Listening to both Floating and Emotive Bay it struck me how refreshing and valid both albums sounded. In this, dare I say, more diverse progressive climate, both albums might benefit from this broader spectrum of acceptance. Cue up the hypnotic, almost entirely percussive Quarqaba, barring the monastic chanting from Mr. Emslie to close. So a not entirely instrumental release and the tongue-in-cheek Something Wrong? gives our first real taster of AE’s vocals. Well he’s definitely no chanter – but with the lyric line…

“I hate singing so much… and my voice sounds like a loo brush”

… I gather he is aware of this fact. It’s refreshing to find a serious musician who is able to not take himself too seriously at times.

Okay, and mindful that once again I have drifted into a track by track scenario of the music I’ll swiftly take a quick look at the two concluding pieces. First up is the wonderful Beyond The 11th Dimension, with both Alan and John in fine fettle – BUT rather than waffle on I’ve linked the track from Bandcamp:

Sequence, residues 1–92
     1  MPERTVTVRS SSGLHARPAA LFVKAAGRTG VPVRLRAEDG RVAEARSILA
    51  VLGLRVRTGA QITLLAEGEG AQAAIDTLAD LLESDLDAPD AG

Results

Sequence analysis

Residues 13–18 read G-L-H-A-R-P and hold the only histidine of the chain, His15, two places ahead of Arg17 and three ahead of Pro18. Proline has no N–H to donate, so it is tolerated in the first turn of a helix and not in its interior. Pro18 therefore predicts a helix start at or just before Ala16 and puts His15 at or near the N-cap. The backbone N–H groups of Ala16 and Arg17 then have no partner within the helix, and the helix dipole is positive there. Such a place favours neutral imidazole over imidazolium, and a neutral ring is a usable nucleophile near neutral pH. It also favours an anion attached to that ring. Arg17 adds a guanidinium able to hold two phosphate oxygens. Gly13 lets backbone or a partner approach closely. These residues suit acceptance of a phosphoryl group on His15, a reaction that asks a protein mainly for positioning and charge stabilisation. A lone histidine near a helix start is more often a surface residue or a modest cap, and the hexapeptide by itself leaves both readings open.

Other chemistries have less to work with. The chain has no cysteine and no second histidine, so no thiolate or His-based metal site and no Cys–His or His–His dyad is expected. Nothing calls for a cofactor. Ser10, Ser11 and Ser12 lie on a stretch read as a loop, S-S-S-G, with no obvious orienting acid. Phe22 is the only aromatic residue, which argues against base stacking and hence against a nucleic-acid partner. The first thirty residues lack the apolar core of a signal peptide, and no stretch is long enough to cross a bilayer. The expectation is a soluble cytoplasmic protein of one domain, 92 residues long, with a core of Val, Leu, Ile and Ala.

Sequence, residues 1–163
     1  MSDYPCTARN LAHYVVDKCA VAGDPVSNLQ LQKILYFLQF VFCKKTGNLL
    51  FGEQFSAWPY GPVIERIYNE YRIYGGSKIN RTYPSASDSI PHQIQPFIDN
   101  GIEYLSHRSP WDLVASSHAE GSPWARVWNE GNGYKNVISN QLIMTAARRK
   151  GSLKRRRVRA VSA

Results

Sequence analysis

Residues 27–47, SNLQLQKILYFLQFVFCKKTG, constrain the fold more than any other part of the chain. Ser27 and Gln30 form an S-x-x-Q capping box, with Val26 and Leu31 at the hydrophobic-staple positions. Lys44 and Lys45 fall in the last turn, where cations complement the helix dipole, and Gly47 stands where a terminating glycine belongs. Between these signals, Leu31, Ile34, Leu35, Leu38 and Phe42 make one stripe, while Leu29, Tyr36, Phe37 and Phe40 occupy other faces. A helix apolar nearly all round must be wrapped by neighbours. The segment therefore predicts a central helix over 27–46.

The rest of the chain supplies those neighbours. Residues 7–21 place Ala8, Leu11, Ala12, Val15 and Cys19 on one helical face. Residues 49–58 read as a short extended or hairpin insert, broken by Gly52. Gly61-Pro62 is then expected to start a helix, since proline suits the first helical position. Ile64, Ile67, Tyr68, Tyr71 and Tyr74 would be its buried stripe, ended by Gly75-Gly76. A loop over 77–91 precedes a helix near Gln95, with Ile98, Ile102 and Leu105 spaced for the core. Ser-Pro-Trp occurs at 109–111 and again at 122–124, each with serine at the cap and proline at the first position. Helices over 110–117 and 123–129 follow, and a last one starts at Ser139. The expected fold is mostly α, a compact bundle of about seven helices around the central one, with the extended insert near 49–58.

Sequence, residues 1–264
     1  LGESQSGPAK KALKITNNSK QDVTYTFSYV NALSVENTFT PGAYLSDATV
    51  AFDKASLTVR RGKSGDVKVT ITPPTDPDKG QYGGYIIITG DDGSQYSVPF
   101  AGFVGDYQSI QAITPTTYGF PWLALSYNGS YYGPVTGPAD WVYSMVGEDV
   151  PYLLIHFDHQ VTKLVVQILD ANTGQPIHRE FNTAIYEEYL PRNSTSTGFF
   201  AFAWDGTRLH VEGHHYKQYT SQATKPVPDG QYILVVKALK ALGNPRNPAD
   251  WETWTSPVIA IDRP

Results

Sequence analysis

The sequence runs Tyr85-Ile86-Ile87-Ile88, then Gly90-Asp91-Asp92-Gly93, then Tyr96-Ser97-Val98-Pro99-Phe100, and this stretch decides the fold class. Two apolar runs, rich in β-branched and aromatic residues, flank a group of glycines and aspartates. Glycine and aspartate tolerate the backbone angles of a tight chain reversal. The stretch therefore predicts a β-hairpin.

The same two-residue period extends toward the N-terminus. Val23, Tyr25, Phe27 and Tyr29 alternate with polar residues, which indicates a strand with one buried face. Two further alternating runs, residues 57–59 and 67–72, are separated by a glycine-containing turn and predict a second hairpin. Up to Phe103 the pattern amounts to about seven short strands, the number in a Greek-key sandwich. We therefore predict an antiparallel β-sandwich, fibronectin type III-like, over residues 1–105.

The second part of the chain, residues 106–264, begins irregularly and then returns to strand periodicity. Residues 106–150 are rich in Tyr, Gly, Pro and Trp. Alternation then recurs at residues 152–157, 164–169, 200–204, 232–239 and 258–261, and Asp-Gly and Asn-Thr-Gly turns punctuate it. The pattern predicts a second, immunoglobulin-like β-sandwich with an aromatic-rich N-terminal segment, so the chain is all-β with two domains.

And finally We Went To Bed Too Late, “…a gently constructed ballad but without the inclusion of any vocals”.

I’m really glad Alan Emslie decided to re-issue his back catalogue, if for no other reason than it prompted me to listen to the albums again. And what a pleasure it has been.

01. Downforce (4:49)
02. Emotive Bay (3:14)
03. Watching The Waves (5:42)
04. The Distortion That Drives Us (8:01)
05. Groovy Jelly (4:39)
06. Quarqaba (4:12)
07. Something Wrong? (6:24)
08. Beyond The 11th Dimension (13:14)
09. We Went To Bed Too Late (4:32)

Total Time – 54:47

Alan Emslie – Drums & Percussion
John Irvine – Guitar

Record Label: Independent
Country of Origin: Scotland
Originally Releases: 2002
Date of Reissue: 13th April 2017

Alan Emslie – Driven Heavy

With album releases in the previous two years, Alan returned again in 2003 with Driven Heavy. Again guitarist John Irvine is in the fold and joining the flock this time around are Greg Lawson on violin, Jo Nicholson’s bass clarinet and Pat Jackson’s bass trombone, the latter two perhaps a token gesture towards the lack of a bass player on any of his releases.